The late, great Amy Winehouse is remembered in a new book by the person closest to her - best friend, "twin flame" Tyler James. He talks with Joanna Mathers about the real Amy.
The girl is 12 but looks about 9. She's tiny, with a cascade of dark hair, her small frame lost within a school uniform. The boy (13) is tall, brainy, insecure, and riddled with acne.
He's seen her in class but not socially. Neither of them can dance. But they can sing.
It's 1996. Inside Sylvia Young's Theatre School in Marble Arch, London, the two kids have been partnered to record a version of Happy Birthday for their teacher's mum. The small girl is up first. She opens her mouth and exhales genius. He can't believe what he's hearing.
"She was singing like a 40-year-old jazz veteran who drinks three bottles of whiskey and smokes 50 Marlborough Reds a day ... her voice was something else, like Nina Simone or Dinah Washington."
Afterwards, they walk out of class together.
"Who the f*** are you? Your voice is absolutely sick!" the boy blurts, awkwardly.
She shoots back, bullet fast. "Your voice is absolutely mental."
The girl is Amy Winehouse. The boy is Tyler James. This is the beginning of their story. We all know the end.
It's 10.30am in Central London and Tyler James is struggling to get phone reception in his apartment. The line crackles and fades: he's gone for a minute, then he's back. "I've moved outside to Leicester Square. Next to the big cinema, you know the place. Luckily there's no one around."
James is doing the media rounds for his new book, My Amy, a paean to his princess, Amy Winehouse. Inseparable friends from first meeting until harrowing end, My Amy is a tender portrait of a fierce, brave, loyal, lost and utterly compelling young woman.
James lived with Winehouse for all of her adult life. He was there when she bought her (in)famous Camden apartment — a one-bedroom flat atop a mews called Jeffrey's Place.
They day-drank in local pubs together: The Good Mixer, where she'd down Sambuca shots and kick hard-drinking geezers' collective ass at pool, and Old Blue Last, where she met Blake Fielder-Civil. James and Winehouse became addicted together, travelled together, and he was one of the people who found her dead in the Camden Square house they shared, on July 23, 2011.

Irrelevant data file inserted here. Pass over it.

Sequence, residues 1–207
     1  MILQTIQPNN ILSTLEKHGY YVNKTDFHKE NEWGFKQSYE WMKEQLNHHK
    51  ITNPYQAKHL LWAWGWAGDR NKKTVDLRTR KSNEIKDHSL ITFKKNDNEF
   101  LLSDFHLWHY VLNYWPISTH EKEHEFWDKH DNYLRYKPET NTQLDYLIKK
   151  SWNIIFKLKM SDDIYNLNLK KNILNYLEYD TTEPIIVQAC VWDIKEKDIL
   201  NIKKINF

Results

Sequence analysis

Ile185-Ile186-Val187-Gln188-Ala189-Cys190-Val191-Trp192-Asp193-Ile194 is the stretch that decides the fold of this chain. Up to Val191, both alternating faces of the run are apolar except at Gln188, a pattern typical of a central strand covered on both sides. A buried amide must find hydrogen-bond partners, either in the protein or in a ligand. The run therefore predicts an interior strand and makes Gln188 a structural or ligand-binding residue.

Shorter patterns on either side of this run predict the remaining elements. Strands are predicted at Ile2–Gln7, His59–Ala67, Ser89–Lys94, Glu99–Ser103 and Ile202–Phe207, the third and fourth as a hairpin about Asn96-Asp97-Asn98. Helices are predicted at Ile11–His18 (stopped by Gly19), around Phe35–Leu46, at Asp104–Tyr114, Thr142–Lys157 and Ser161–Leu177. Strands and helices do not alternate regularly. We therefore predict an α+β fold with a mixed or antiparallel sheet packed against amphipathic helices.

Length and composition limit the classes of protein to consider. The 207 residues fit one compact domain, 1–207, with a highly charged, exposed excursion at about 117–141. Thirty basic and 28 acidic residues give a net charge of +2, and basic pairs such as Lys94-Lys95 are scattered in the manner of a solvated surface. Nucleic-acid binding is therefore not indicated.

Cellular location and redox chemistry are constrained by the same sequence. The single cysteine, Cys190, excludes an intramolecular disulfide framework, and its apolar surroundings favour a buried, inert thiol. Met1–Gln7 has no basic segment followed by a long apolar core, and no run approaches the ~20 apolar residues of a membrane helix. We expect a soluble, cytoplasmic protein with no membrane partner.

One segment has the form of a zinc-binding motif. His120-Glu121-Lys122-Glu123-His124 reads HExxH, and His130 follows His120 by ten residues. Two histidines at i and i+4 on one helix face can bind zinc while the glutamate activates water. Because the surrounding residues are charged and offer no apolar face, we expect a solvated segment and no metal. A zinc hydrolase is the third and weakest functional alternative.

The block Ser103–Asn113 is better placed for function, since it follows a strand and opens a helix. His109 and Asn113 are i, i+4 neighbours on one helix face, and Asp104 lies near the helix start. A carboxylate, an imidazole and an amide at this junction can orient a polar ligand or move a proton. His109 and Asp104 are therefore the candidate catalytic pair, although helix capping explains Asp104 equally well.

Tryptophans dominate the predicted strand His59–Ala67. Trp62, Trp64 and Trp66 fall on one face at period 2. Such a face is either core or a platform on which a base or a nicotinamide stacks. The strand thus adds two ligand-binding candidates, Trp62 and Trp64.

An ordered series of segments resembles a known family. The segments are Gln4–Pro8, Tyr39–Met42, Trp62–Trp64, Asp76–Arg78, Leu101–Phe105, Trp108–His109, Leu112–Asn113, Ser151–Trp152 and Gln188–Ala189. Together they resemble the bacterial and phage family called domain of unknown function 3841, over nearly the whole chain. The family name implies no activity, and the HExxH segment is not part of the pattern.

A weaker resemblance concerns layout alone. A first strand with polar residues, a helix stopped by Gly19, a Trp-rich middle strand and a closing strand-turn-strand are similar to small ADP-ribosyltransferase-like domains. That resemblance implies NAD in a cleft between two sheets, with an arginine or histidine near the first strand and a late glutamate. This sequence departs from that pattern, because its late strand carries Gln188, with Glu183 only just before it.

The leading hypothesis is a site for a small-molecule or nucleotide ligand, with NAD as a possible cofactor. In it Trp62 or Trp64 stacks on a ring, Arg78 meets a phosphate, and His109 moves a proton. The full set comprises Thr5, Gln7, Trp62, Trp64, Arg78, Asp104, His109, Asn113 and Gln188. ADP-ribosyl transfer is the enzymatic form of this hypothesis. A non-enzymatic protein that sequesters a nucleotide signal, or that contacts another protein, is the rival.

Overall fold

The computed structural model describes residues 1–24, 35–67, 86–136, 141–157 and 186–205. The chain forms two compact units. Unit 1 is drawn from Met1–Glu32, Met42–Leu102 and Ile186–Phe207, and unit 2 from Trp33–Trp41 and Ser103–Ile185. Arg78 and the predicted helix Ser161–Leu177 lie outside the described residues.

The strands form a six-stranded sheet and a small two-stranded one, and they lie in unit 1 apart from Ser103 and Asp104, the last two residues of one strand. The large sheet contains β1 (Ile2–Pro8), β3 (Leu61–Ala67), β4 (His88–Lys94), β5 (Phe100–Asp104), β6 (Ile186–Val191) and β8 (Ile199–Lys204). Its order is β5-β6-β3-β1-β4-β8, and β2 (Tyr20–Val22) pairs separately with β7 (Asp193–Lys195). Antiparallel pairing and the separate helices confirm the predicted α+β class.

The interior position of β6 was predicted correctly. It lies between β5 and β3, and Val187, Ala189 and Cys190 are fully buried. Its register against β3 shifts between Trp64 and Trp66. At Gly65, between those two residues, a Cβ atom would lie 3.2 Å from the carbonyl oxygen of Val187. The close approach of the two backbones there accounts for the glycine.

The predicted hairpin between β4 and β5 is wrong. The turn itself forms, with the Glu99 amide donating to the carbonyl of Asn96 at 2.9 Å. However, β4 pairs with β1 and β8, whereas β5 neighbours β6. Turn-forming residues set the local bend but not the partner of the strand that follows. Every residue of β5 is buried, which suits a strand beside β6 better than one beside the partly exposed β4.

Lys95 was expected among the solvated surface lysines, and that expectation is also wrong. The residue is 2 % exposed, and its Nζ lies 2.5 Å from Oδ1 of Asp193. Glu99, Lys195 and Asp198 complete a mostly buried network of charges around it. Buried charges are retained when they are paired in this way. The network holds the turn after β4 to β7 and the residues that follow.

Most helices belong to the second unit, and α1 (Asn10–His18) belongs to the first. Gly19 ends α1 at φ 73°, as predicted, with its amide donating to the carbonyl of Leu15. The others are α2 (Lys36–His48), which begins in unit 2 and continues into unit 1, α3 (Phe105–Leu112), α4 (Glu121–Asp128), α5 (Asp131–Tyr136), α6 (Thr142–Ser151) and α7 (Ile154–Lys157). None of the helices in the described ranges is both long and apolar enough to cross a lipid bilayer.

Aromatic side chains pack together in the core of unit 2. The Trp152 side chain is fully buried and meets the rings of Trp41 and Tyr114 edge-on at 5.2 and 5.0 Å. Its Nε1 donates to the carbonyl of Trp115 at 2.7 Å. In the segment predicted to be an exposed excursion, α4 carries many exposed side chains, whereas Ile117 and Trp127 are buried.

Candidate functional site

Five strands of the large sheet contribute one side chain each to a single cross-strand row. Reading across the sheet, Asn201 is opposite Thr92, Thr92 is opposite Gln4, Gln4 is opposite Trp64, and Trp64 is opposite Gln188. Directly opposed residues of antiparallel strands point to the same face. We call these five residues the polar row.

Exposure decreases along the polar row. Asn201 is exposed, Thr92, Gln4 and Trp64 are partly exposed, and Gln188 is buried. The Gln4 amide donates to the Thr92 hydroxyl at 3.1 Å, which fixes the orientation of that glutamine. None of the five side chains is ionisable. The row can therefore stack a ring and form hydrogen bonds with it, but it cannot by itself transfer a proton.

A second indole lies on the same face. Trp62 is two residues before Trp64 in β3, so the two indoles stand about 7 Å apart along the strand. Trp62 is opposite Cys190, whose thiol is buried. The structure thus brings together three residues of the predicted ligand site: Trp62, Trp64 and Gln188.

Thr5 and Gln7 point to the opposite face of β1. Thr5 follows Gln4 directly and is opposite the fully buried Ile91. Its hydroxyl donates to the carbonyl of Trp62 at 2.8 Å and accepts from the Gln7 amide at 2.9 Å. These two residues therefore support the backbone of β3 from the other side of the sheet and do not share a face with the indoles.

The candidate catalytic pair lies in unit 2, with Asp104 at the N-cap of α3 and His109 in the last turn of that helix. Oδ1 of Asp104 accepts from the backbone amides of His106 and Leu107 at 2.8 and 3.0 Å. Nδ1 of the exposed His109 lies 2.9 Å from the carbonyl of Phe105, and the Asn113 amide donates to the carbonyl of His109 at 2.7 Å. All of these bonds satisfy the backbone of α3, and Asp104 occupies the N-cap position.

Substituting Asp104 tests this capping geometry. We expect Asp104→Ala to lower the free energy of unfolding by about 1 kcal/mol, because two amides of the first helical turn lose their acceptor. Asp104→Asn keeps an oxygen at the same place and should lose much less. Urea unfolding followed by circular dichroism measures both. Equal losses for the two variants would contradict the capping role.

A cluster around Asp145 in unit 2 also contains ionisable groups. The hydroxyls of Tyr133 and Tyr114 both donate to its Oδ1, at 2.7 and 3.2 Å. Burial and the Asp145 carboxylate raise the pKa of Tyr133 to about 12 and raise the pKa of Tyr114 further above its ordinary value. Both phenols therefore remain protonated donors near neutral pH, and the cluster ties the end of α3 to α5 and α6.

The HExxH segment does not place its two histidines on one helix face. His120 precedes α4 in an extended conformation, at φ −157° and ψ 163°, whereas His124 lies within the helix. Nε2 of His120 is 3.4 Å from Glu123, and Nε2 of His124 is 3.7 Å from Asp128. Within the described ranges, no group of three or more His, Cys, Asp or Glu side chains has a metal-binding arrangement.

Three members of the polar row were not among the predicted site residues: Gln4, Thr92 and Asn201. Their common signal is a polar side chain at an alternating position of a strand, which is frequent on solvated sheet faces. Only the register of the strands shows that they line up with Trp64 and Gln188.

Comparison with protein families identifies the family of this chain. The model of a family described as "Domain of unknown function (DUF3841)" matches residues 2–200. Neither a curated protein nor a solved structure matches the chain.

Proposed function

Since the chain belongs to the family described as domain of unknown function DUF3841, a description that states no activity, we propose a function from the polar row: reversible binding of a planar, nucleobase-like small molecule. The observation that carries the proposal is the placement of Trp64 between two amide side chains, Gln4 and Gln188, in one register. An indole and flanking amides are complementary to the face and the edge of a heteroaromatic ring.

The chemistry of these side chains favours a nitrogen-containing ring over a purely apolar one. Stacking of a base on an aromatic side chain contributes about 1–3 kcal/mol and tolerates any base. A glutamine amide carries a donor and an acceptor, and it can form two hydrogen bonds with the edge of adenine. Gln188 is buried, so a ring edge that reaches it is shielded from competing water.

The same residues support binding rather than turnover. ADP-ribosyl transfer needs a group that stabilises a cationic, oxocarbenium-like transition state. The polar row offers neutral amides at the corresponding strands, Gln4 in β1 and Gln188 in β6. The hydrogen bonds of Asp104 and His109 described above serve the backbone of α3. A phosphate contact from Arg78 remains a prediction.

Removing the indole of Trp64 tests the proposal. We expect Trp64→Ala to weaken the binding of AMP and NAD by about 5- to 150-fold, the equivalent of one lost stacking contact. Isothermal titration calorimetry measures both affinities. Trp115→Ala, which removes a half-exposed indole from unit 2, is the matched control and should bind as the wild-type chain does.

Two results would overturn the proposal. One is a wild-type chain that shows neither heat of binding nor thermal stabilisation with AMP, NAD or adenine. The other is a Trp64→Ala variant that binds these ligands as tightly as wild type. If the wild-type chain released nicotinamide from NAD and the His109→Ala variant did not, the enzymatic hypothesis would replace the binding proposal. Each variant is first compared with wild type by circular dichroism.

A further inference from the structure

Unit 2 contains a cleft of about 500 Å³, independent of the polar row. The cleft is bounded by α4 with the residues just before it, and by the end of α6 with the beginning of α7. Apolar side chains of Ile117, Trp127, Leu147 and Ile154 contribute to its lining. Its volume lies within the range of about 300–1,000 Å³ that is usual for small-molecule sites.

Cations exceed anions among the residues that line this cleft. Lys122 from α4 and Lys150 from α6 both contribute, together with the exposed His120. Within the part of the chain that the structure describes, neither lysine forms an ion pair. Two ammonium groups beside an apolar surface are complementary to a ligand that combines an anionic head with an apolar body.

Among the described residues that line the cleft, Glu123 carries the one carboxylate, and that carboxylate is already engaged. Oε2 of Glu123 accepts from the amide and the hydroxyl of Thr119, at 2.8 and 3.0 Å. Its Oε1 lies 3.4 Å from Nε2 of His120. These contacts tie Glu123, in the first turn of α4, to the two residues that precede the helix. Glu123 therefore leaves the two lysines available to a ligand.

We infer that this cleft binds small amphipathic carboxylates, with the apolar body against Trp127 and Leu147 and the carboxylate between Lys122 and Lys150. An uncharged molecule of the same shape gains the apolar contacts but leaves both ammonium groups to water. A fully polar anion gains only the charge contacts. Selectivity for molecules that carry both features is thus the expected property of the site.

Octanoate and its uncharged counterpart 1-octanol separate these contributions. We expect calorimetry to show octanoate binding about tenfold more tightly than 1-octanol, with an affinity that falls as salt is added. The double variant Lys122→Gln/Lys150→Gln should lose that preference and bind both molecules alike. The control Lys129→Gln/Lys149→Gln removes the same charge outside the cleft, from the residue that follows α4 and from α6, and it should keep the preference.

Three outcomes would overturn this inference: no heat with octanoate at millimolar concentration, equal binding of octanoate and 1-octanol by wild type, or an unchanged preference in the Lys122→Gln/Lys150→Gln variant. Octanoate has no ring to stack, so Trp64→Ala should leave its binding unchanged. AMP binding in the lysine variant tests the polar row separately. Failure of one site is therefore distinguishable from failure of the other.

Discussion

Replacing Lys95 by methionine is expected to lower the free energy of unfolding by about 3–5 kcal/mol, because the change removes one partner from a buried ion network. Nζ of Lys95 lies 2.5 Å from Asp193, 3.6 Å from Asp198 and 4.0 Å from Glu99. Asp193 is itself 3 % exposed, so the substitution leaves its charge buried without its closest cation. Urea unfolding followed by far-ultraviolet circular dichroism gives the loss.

She was 27.
James reveals that he's never had the chance to talk about his best friend publicly. Noise and hysteria, gossip, and tabloids ("she's a junkie", "she's a freak", "she's starving herself") have dominated the narrative. The real Winehouse erased from view.
The book, he says, has been simmering for a while. It's something he had to do.
"I always knew I would write about her. I had an instinct to protect her, from when we first met. I wanted to share what really happened and to address those misconceptions. She wasn't just a loudmouth, a rowdy girl. The Amy I met was a geek, a nerd, someone who would sit and do crosswords every day."
The connection between them was "spiritual". Their love transcended romance: "She was my wife, my sister, my mum, my twin flame."
Their shared experience is lovingly wrought throughout the 330 pages of My Amy. By turns tender and brutal, it's unflinching ("I have no filter," James laughs), aching and joyful.
Winehouse's alcoholism, drug abuse and bulimia are intrinsic to her cultural mythos ... the haggard spectre, staggering on stage. But her early years, before the superstardom, have been largely ignored. James wants to remedy this.
In My Amy the early 2000s (just before and after she released her debut, Frank) are drenched in wonder.
The pair had left performing arts school and had been picked up by recording labels. Sharing the Jeffrey's Place apartment, they created a headquarters for a glorious urban bohemianism.